Yeah, it’s been huge for me. Yeah, I didn’t used to know. You know, people talk about their why and start with why like Simon’s next book and stuff like that. And I kind of just dove into it, because I knew I didn’t want to work for somebody, I just have that entrepreneur bug. And then I started thinking more about like, Alright, I need to build right, start to think about what type of business do I want to build, it really did come down to like, what type of lifetime that’s I value freedom? Yes, I work a lot. I mean, more often than 12 hours a day that not. But if I want to go do something I want to travel, it’s extremely important to me. So like having that freedom, flexibility was probably the first thing that came to mind, even more so than like money. If I don’t want to work one day, I don’t, don’t necessarily have to at this point. So that’s, that’s really important for me, not being tied down to one spot. Like I said, I love to travel as well. So I can work from my laptop wherever I want to. And that’s, that’s amazing. I used to hear people doing that. And now I’ve been doing it for a couple years. And it’s, it’s awesome, I would recommend it to anybody. But so those are huge. And then now more some more about like having an impact. So yes, I love the real estate space and helping those clients. But more and more like, since I’ve been able to build this business and achieve in a lifestyle I want. I want to help other entrepreneurs and and business owners achieve a similar thing. And I hope to kind of build a program around that. Teaching them certain systems, teaching them how you can you know, build a true digital marketing company from your laptop and, and travel or you kind of do whatever you want. So that’s important to me.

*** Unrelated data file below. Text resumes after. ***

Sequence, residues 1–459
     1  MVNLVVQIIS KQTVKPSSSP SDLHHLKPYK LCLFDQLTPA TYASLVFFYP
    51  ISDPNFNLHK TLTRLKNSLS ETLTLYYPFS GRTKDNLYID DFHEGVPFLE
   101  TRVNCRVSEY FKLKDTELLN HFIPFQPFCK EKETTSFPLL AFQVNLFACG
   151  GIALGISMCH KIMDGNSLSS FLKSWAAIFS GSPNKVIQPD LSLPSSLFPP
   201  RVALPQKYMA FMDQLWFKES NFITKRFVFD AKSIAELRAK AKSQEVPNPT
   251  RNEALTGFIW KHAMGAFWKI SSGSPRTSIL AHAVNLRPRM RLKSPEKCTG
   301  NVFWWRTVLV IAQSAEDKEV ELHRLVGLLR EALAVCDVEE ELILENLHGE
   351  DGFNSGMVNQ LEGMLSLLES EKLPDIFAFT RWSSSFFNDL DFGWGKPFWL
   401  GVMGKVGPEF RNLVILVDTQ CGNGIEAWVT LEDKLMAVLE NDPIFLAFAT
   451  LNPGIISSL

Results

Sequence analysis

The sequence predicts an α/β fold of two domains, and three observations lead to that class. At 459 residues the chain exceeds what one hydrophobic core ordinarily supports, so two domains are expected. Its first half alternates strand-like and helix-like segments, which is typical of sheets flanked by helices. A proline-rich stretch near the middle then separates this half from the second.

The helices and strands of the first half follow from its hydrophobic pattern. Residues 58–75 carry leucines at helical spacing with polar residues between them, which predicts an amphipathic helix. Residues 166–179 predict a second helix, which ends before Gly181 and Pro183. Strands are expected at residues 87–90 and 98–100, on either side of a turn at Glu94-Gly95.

Katie Brinkley 22:04
What is the best piece of advice that you’ve ever received? And how has that impacted your business?
Luke Falcouner 22:08